Following an influential article by William (Bill) Kristol and Robert Kagan in Foreign Affairs in 1996, which called on the US to achieve an unchallengeable military superiority by devoting a quarter of the federal budget to defence, a new think tank/pressure group was set up in Washington in 1997. This was the Project for the New American Century (PNAC), which called for a vigorous unilateralism in the conduct of American foreign policy and whose sponsors included many figures later to feature in the administrations of George Bush jnr after 2000, including Dick Cheney, Donald Rumsfeld, Paul Wolfowitz, Douglas Feith, Richard Perle, Elliott Abrams and Zalmay Khalilzad (currently US ambassador to Iraq).

The neoconservative agenda proposed a complete break from previous US (and indeed European) policy towards the Middle East, which had striven for “realism” and balance (a realism which prescribed toleration of those authoritarian and corrupt regimes which were pro-Western and containment of the others, and a balance which sought to move both the Israelis and the PLO towards compromise through the Oslo peace process). Now Kristol and Kagan spoke of “putting pressure on right-wing and left-wing [Arab] dictatorships alike”. Indeed, as Kepel observes, their “writing about power structures in the petro-monarchies took on an almost left-wing tone, which won their analysis approval beyond the circle of the American right, including some Arab intellectuals”. This is not so surprising given the political provenance of some of the movement’s leading ideologists, prominent in their youth in the (largely anti-Stalinist) New York Jewish left. As Irving Kristol, father of William, had put it: “A neoconservative is a Liberal [that is, in American terms, a left-winger] who has been mugged by reality.”

In 1996, Richard Perle and Douglas Feith were among the contributors to a briefing document presented to Benjamin Netanyahu, Likud’s candidate for prime minister of Israel. The document, entitled “A Clean Break: A New Strategy for Securing the Realm”, recommended the replacement of Labor’s traditional strategy of “land for peace” with a new logic of “peace for peace”, which would break with the Oslo process, seal new alliances between Israel, Turkey and Jordan, lessen dependence on the United States and allow for massive retaliation (the “right of hot pursuit”) by the Israeli state against Palestinian attacks. The paper also recommended the “rolling back” of Syria, the removal from power of Saddam Hussein and the restoration in Baghdad of the Hashemite monarchy. The toppling of Saddam, its authors argued, would usher in a virtuous cycle, which would produce stability, prosperity, the growth of a civil society in Iraq and the rapid spread of the democratic bug to neighbouring states, where the populations would overthrow their oppressive and incompetent rulers, allowing the Middle East to become a “normalised” region, “basking [in Kepel’s words] in the glow of the United States’ benevolent hegemony, like Europe, Pacific Asia, or Latin America”.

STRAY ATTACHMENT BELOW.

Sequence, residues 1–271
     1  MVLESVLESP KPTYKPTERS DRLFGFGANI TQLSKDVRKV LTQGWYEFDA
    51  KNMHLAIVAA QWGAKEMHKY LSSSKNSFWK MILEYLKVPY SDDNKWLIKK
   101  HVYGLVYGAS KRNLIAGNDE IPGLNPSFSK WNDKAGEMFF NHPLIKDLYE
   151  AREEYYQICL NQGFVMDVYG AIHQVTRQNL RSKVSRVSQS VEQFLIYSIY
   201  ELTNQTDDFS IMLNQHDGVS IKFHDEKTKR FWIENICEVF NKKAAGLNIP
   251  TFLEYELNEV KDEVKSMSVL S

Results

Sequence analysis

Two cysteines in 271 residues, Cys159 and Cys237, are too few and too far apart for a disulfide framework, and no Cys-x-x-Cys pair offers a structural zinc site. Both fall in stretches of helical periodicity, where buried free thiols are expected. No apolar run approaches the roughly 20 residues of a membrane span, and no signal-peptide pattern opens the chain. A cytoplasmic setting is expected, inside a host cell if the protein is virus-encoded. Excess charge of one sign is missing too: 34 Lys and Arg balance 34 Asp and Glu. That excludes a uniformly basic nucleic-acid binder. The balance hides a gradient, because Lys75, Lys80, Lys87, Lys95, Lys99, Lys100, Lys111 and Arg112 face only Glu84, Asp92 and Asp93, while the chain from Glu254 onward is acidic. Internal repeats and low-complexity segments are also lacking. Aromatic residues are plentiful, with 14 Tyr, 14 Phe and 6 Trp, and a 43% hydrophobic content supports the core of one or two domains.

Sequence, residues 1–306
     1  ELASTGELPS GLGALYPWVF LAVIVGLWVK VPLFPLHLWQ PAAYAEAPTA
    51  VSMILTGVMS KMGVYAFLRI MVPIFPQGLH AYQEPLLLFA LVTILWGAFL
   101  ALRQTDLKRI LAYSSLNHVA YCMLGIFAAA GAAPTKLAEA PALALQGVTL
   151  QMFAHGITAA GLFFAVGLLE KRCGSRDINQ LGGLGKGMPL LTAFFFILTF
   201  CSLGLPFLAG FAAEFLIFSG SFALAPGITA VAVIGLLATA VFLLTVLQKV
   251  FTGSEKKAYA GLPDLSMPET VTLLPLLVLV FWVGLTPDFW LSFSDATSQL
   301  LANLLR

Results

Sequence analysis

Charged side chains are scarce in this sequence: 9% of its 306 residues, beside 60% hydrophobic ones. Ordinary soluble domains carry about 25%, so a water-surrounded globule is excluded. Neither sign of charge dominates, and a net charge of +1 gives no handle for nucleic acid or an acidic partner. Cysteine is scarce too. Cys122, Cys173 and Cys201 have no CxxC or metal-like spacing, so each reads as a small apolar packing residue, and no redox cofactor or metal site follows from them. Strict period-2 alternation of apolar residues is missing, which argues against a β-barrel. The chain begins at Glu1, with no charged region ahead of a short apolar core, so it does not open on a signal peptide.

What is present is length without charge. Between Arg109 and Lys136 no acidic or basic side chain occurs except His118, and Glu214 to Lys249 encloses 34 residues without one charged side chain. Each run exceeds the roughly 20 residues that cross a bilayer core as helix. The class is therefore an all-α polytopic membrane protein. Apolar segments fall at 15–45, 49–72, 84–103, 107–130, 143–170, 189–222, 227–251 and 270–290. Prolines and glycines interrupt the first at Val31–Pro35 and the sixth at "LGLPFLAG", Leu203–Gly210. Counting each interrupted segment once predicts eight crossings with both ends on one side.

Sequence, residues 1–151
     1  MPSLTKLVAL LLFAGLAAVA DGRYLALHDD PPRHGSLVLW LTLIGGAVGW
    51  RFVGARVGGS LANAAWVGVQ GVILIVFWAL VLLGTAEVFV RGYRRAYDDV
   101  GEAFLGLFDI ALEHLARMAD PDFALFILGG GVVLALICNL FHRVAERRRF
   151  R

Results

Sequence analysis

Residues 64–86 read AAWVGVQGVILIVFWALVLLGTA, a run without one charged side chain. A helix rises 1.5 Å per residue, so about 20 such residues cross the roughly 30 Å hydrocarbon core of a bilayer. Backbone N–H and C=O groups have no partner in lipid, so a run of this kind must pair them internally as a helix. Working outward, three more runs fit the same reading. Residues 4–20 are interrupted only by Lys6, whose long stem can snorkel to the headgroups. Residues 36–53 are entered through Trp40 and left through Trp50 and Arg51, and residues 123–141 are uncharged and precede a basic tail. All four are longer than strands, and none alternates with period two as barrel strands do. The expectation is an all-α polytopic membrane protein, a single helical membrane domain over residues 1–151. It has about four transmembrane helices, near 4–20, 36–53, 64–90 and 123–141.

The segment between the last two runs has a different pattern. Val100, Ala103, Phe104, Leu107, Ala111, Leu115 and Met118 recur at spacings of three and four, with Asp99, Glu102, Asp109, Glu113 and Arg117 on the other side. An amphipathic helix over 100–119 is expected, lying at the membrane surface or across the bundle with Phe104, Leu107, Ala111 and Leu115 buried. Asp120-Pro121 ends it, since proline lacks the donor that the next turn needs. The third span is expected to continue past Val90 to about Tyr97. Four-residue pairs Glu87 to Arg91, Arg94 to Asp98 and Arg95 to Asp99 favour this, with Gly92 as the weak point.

Though regime change in Iraq had been a gleam in the eye of those who were soon to become important Bush administration officials since (at least) 1996, it might never, Kepel argues, have been put into effect had it not been for the creation, by the Egyptian surgeon Ayman al-Zawahiri and the Saudi construction heir Osama bin Laden, of the group which became known as al-Qaeda and the September 11th, 2001 mass killings in New York, Washington and Pennsylvania, for which it was belatedly to claim responsibility.

Zawahiri, an Islamist radical who had served a prison sentence when the Egyptian regime rounded up dissidents following the assassination of President Anwar Sadat in 1981, emigrated to Saudi Arabia in 1985. There, in the following year, he met Osama bin Laden, seventeenth of the fifty-two children of a construction multi-millionaire who had grown rich on the oil and building boom of the previous decades. In the 1950s and 1960s, members of the Muslim Brothers movement had fled repression under the nationalist/secularist regimes of Egypt, Syria and Iraq and found a warm welcome in Saudi Arabia, where the dynasty saw them as capable of providing a much needed ideological shot in the arm for native Islamism (Wahhabism), which was insular and intellectually weak. In return, the Brothers refrained from criticising their hosts, projecting their hostility outwards towards the infidel and “socialist” regimes from which they had fled. In Ayman al-Zawahiri’s view, however, they had sacrificed the ideals of jihad for a comfortable life and were even guilty of flirting with the impious notion of democracy, holding that the people could be a source of sovereignty, when all sovereignty was Allah’s alone.

In Afghanistan, bin Laden had at first come under the influence of the Palestinian Muslim Brother Abdullah Azzam, a gifted organiser and inspirational figure for the mujahideen resistance, who persuaded him to use his fortune to finance networks for the infiltration of fighters into the country’s battlefields through Peshawar in Pakistan. Azzam’s political ideology was primarily anti-Soviet (and deeply hostile to Soviet client states in the Middle East), but as the CIA turned off the tap after the defeat of the Russians the jihadis began to squabble among themselves about the future direction and targets of their struggle. After the assassination of Azzam in November 1989 (suspects include bin Laden, the CIA, the Pakistani intelligence services and Israel’s Mossad), the young Saudi heir drifted increasingly into the orbit of Ayman al-Zawahiri. On a visit back home from 1989 to 1991 he had observed the massive build-up of US forces invited into the kingdom to expel Saddam Hussein from neighbouring Kuwait. The identity of the principal enemy of Islam was now becoming clear to him: arrogant, godless America, defiling the holy places and with an apparently unlimited military power and will to dominate the Arab lands.